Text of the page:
Based on kernel version 4.0. Page generated on 2015-04-14 21:20 EST.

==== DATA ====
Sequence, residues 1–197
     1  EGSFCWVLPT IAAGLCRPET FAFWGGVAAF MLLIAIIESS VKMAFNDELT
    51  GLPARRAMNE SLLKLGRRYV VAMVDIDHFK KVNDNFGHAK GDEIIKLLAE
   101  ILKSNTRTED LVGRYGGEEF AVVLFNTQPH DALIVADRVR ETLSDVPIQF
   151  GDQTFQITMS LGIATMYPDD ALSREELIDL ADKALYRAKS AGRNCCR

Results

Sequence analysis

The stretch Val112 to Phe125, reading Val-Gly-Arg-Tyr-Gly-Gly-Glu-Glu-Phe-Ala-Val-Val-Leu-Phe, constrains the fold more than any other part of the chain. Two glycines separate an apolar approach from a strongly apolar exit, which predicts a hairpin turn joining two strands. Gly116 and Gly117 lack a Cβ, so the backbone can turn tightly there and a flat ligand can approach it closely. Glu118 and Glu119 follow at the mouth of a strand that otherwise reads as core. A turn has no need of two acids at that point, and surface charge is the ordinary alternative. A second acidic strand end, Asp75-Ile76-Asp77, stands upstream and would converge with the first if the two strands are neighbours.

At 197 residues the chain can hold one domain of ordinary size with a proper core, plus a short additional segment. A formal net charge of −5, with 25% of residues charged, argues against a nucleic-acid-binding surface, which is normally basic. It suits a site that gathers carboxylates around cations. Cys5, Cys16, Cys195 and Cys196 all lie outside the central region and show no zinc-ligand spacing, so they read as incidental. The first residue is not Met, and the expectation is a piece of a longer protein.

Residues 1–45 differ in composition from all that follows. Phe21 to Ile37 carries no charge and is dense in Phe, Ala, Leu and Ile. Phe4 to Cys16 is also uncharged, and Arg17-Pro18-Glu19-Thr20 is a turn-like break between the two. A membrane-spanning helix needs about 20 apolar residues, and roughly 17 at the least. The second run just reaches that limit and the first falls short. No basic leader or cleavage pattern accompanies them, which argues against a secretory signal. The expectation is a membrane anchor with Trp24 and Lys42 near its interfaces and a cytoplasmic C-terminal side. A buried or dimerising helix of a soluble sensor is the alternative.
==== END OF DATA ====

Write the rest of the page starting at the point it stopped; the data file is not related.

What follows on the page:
1 dm-switch 2 ========= 3 4 The device-mapper switch target creates a device that supports an 5 arbitrary mapping of fixed-size regions of I/O across a fixed set of 6 paths. The path used for any specific region can be switched 7 dynamically by sending the target a message. 8 9 It maps I/O to underlying block devices efficiently when there is a large 10 number of fixed-sized address regions but there is no simple pattern 11 that would allow for a compact representation of the mapping such as 12 dm-stripe. 13 14 Background 15 ---------- 16 17 Dell EqualLogic and some other iSCSI storage arrays use a distributed 18 frameless architecture. In this architecture, the storage group 19 consists of a number of distinct storage arrays ("members") each having 20 independent controllers, disk storage and network adapters. When a LUN 21 is created it is spread across multiple members. The details of the 22 spreading are hidden from initiators connected to this storage system. 23 The storage group exposes a single target discovery portal, no matter 24 how many members are being used. When iSCSI sessions are created, each 25 session is connected to an eth port on a single member. Data to a LUN 26 can be sent on any iSCSI session, and if the blocks being accessed are 27 stored on another member the I/O will be forwarded as required. This 28 forwarding is invisible to the initiator. The storage layout is also 29 dynamic, and the blocks stored on disk may be moved from member to 30 member as needed to balance the load. 31 32 This architecture simplifies the management and configuration of both 33 the storage group and initiators. In a multipathing configuration, it 34 is possible to set up multiple iSCSI sessions to use multiple network 35 interfaces on both the host and target to take advantage of the 36 increased network bandwidth. An initiator could use a simple round 37 robin algorithm to send I/O across all paths and let the storage array 38 members forward it as necessary, but there is a performance advantage to 39 sending data directly to the correct member. 40 41 A device-mapper table already lets you map different regions of a 42 device onto different targets. However in this architecture the LUN is 43 spread with an address region size on the order of 10s of MBs, which 44 means the resulting table could have more than a million entries and 45 consume far too much memory. 46 47 Using this device-mapper switch target we can now build a two-layer 48 device hierarchy: 49 50 Upper Tier – Determine which array member the I/O should be sent to. 51 Lower Tier – Load balance amongst paths to a particular member. 52 53 The lower tier consists of a single dm multipath device for each member. 54 Each of these multipath devices contains the set of paths directly to 55 the array member in one priority group, and leverages existing path 56 selectors to load balance amongst these paths. We also build a 57 non-preferred priority group containing paths to other array members for 58 failover reasons. 59 60 The upper tier consists of a single dm-switch device. This device uses 61 a bitmap to look up the location of the I/O and choose the appropriate 62 lower tier device to route the I/O. By using a bitmap we are able to 63 use 4 bits for each address range in a 16 member group (which is very 64 large for us). This is a much denser representation than the dm table 65 b-tree can achieve. 66 67 Construction Parameters 68 ======================= 69 70 <num_paths> <region_size> <num_optional_args> [<optional_args>...] 71 [<dev_path> <offset>]+ 72 73 <num_paths> 74 The number of paths across which to distribute the I/O. 75 76 <region_size> 77 The number of 512-byte sectors in a region. Each region can be redirected 78 to any of the available paths. 79 80 <num_optional_args> 81 The number of optional arguments. Currently, no optional arguments 82 are supported and so this must be zero. 83 84 <dev_path> 85 The block device that represents a specific path to the device. 86 87 <offset> 88 The offset of the start of data on the specific <dev_path> (in units 89 of 512-byte sectors). This number is added to the sector number when 90 forwarding the request to the specific path. Typically it is zero. 91 92 Messages 93 ======== 94 95 set_region_mappings <index>:<path_nr> [<index>]:<path_nr> [<index>]:<path_nr>... 96 97 Modify the region table by specifying which regions are redirected to 98 which paths. 99 100 <index> 101 The region number (region size was specified in constructor parameters). 102 If index is omitted, the next region (previous index + 1) is used. 103 Expressed in hexadecimal (WITHOUT any prefix like 0x). 104 105 <path_nr> 106 The path number in the range 0 ... (<num_paths> - 1). 107 Expressed in hexadecimal (WITHOUT any prefix like 0x). 108 109 R<n>,<m> 110 This parameter allows repetitive patterns to be loaded quickly. <n> and <m> 111 are hexadecimal numbers. The last <n> mappings are repeated in the next <m> 112 slots. 113 114 Status 115 ====== 116 117 No status line is reported. 118 119 Example 120 ======= 121 122 Assume that you have volumes vg1/switch0 vg1/switch1 vg1/switch2 with 123 the same size. 124 125 Create a switch device with 64kB region size: 126 dmsetup create switch --table "0 `blockdev --getsize /dev/vg1/switch0` 127 switch 3 128 0 /dev/vg1/switch0 0 /dev/vg1/switch1 0 /dev/vg1/switch2 0" 128 129 Set mappings for the first 7 entries to point to devices switch0, switch1, 130 switch2, switch0, switch1, switch2, switch1: 131 dmsetup message switch 0 set_region_mappings 0:0 :1 :2 :0 :1 :2 :1 132 133 Set repetitive mapping. This command: 134 dmsetup message switch 0 set_region_mappings 1000:1 :2 R2,10 135 is equivalent to: 136 dmsetup message switch 0 set_region_mappings 1000:1 :2 :1 :2 :1 :2 :1 :2 \ 137 :1 :2 :1 :2 :1 :2 :1 :2 :1 :2